Tuesday, October 1, 2013
UK Civil Aviation Authority Probes Scottish AS332 Super Puma Crash
Following the fatal accident involving CHC AS332L2 Super Puma G-WNSB on August 23, UK operators returned their helicopters back to service in late August. Four out of 18 passengers died when the aircraft came down in the sea two miles short of Sumborough Airport on the Shetland Islands.
On Thursday, Aug. 29, CHC returned its Eurocopter AS332L2 Super Pumas to normal operational service to oil platforms in the North Sea. On the same day, Bond Offshore Helicopters returned its EC225 fleet to scheduled service with the caveat that it would only use its fleet of “crew change AS332L2s for non-passenger operations (maintenance, positioning and training flights).”
On August 30, the UK’s Civil Aviation Authority declared: “We have reviewed and assessed the evidence available, including the information already published by the Air Accident Investigation Branch and detailed information provided to us by the operators. Our team of specialists includes pilots who are experienced in flying the Super Puma AS332 L2 in the North Sea environment.”
“Based on all the information currently available, we do not believe that the accident was caused by an airworthiness or technical problem, and consider that the decision by the operators to resume Super Puma flights is appropriate. We would not allow a return to service unless we were satisfied that it was safe to do so. We will review the position if any new evidence comes to light.”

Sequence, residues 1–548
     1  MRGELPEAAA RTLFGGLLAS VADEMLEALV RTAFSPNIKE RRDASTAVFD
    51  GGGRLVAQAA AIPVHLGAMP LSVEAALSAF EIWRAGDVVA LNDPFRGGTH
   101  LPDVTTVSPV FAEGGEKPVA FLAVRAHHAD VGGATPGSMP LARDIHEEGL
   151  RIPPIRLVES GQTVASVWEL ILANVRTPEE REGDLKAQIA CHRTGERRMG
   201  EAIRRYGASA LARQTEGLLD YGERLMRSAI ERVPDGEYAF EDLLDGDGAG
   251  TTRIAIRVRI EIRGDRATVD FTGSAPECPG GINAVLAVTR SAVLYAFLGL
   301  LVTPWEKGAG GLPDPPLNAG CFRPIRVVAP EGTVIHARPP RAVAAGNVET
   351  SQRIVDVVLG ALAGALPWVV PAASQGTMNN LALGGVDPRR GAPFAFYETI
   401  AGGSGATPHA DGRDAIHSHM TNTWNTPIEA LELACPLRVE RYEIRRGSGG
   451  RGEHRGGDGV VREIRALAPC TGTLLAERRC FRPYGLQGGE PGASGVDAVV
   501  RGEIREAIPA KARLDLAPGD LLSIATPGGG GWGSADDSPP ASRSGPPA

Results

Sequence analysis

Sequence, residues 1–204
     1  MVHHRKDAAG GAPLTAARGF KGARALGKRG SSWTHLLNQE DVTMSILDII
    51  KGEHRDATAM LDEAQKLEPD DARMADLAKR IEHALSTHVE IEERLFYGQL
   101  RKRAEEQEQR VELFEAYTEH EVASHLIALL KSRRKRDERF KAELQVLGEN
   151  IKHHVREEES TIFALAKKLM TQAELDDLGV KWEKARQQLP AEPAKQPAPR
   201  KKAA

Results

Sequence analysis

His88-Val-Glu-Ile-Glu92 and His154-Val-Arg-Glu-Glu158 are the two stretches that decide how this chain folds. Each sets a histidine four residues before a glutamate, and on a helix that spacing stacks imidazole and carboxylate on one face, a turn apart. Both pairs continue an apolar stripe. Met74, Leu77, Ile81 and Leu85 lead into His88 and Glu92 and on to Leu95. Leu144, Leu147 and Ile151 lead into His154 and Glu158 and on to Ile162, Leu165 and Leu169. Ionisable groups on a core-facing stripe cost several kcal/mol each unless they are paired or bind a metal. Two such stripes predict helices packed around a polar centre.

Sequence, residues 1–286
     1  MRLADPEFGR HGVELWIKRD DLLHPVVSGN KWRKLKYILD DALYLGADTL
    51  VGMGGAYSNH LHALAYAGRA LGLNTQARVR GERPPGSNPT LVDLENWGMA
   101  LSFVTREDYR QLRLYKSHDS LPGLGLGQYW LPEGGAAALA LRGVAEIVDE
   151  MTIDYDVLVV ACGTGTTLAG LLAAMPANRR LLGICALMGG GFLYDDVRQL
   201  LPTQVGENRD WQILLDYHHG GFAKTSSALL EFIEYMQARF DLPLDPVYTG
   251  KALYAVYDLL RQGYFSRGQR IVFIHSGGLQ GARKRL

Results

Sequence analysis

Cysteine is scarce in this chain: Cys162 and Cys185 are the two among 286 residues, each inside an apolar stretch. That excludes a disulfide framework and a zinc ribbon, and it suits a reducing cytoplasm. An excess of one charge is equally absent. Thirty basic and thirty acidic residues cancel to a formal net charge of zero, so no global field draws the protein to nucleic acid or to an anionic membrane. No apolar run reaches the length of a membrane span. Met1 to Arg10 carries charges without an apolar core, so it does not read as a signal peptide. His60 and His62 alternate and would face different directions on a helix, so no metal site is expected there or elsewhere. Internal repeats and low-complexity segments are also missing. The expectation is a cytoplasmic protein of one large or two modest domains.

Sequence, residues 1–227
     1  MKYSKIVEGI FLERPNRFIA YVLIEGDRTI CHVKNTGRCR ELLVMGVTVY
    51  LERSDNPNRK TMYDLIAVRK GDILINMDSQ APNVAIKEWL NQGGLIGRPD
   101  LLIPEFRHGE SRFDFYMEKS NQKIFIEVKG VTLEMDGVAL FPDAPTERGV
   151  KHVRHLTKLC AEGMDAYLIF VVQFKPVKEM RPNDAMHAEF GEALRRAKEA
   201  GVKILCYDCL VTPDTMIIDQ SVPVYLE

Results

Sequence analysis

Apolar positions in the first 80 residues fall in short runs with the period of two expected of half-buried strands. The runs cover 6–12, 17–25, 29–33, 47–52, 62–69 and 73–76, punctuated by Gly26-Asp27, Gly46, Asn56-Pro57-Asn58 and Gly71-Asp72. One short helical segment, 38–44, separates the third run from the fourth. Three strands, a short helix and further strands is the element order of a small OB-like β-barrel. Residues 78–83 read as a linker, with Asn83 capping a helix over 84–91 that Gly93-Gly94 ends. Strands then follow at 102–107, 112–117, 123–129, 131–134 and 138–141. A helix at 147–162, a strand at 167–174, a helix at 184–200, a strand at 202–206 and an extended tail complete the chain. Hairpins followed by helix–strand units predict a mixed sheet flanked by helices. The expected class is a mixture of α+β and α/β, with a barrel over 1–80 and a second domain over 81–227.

The Air Accident Investigations Branch (AAIB) has stated that the helicopter’s voice and data recorder has now been recovered for analysis.
On August 29, the AAIB declared: “Preliminary information indicates that the approach proceeded normally until approximately three miles from the runway when there was a reduction in airspeed accompanied by an increased rate of descent.”
At time of writing in mid-September, the Civil Aviation Authority had not released to cause of the crash.
The four fatalities have been named: Duncan Munro, 46, from Bishop Auckland; Sarah Darnley, 45, from Elgin; Gary McCrossan, 59, from Inverness; and George Allison, 57, from Winchester.
The AS332L2 accident has once again generated serious concerns regarding the safety of the Super Puma family of helicopters operating in the oil and gas sector in the North Sea.